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Indispensable contribution


China's accession to the WTO has not only promoted domestic economic growth but also made it a key driver of global development

This year marks the 20th anniversary of China's accession to the World Trade Organization. Over the past two decades, China has fulfilled its commitments to the WTO. Through deepening market reform and continually opening up wider, it has embraced the opportunities of globalization and with its growing economic power injected impetus into the economic development of the world.

Accession to the WTO has enabled China to integrate more fully into the global market. In 2020, China's international trade volume expanded 6.6 times to 32.2 trillion yuan ($5.1 trillion) from 4.2 trillion yuan ($0.7 trillion) in 2001.

The 20 years since China's entry into the WTO have witnessed the continuous upgrading of the country's trade structure, which has provided vital support for Chinese manufacturing to raise its quality and added value. In 2020, the proportion of primary products in China's exports dropped from 9.9 percent in 2001 to 4.5 percent, while manufactured goods increased from 90.1 percent to 95.6 percent. In terms of commodities, exports of machinery and transportation equipment increased by 12.9 percent, and miscellaneous products decreased by 10.2 percent.

At the same time, the share of primary products in imports increased by 14 percent to 33.8 percent, while the share of manufactured goods decreased by 14.6 percent to 66.3 percent. The improving industrialization empowers domestic manufactured goods, including machinery and transportation equipment, to be more competitive in the global market. Accompanying the rising exports of capital and technology-intensive commodities, imports of similar products decreased, significantly optimizing China's trade structure.

China's status in global trade has been significantly enhanced since it acceded to the WTO, as well as the quality of its trade development. However, compared to the comprehensive strength of some developed countries, China is still on the path of becoming a trading power.

Although it had the largest share of the trade in digital products last year, its trade specialization coefficient, an index indicating trade competitiveness, was minus 19 percent. The coefficients of integrated circuits, industrial robots and semiconductor manufacturing equipment were minus 49.7 percent, minus 62.2 percent and minus 84.1 percent, respectively. Such data demonstrate that China still needs to strengthen domestic innovation and make breakthroughs in core technology bottlenecks to deal with the supply chain risks, the only way to grow to be a major trading power.

Highlighting foreign trade's contribution to China's economic development, the ratio of the country's total amount of foreign trade to its GDP was 38.1 percent in 2001. Increasing year by year, it peaked at 64.2 percent in 2006.

In response, the Chinese government has adopted moderately tight macroeconomic policies and established policies to balance international payments. As a result, its foreign trade export growth has tapered off, and the imbalance problem has gradually improved, with the dependence on foreign trade returning to the reasonable range of between 30 and 40 percent. Trade growth, an engine for economic development, plays a positive role in macroeconomic stability through measures to balance trade.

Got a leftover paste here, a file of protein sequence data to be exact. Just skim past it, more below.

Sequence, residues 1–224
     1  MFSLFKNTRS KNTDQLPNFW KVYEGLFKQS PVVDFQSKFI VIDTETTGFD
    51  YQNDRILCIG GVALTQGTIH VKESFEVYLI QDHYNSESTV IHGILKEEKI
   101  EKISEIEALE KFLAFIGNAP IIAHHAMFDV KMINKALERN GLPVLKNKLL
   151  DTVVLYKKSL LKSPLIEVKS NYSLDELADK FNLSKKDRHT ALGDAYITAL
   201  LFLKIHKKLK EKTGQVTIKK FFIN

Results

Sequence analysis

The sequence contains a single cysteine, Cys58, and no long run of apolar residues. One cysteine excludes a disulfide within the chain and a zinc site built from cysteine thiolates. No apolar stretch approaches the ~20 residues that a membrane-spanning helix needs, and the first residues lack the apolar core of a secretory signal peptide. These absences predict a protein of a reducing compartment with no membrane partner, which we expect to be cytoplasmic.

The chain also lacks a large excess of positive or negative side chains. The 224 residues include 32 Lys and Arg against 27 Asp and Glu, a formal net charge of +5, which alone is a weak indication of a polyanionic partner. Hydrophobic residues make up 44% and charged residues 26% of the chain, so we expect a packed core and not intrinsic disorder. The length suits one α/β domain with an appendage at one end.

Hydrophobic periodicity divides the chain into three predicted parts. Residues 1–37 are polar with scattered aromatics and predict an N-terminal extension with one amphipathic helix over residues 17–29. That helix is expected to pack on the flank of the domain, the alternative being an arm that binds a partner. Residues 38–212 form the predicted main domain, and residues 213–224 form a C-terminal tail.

From the perspective of global economic growth, China's share of world trade increased from 4.1 percent to 13.3 percent during the two decades since 2001. According to estimates from the WTO, the volume of world goods trade has increased 1.8 times over the past two decades, of which China has facilitated 0.4 times to global exports and 0.3 times to imports, contributing to 20.8 percent and 16.8 percent of their global growth, respectively, showing the country plays an indispensable role in global trade prosperity.

Most importantly, China's openness to international trade promotes global economic development. In 2020, its total imports exceeded $2 trillion, an increase of 7.5 times over 2001.During the same period, exports of the rest of the wold rose by 1.51 times, with China's imports driving 0.52 times of that, contributing 20.6 percent to the growth of its trading partners' exports.

Data from China's General Administration of Customs show the country's import demand has created a total of $26.3 trillion in export earnings for other economies in the past 20 years, which is equivalent to 2.6 percent of their cumulative total nominal GDP.With the global supply chains undergoing profound changes, China has grown to be a major stabilizer and driver of the global economy.

Today, the world faces many challenges, such as the uncertainties of economic recovery amid the pandemic and the fierce headwinds of anti-globalization. It is the common responsibility for WTO members to uphold multilateralism, promote necessary reform of the organization and negotiations on new issues under a multilateral mechanism. China has made and will make unremitting efforts for the WTO's progress. It will also make more contributions to the world, striving for development opportunities with the WTO.

The author is chief economist of the Development Research Think Tank of China and former director-general of the Research Department of Foreign Economic Relations at the Development Research Center of the State Council. The author contributed this article to China Watch, a think tank powered by China Daily.

The views do not necessarily reflect those of China Daily.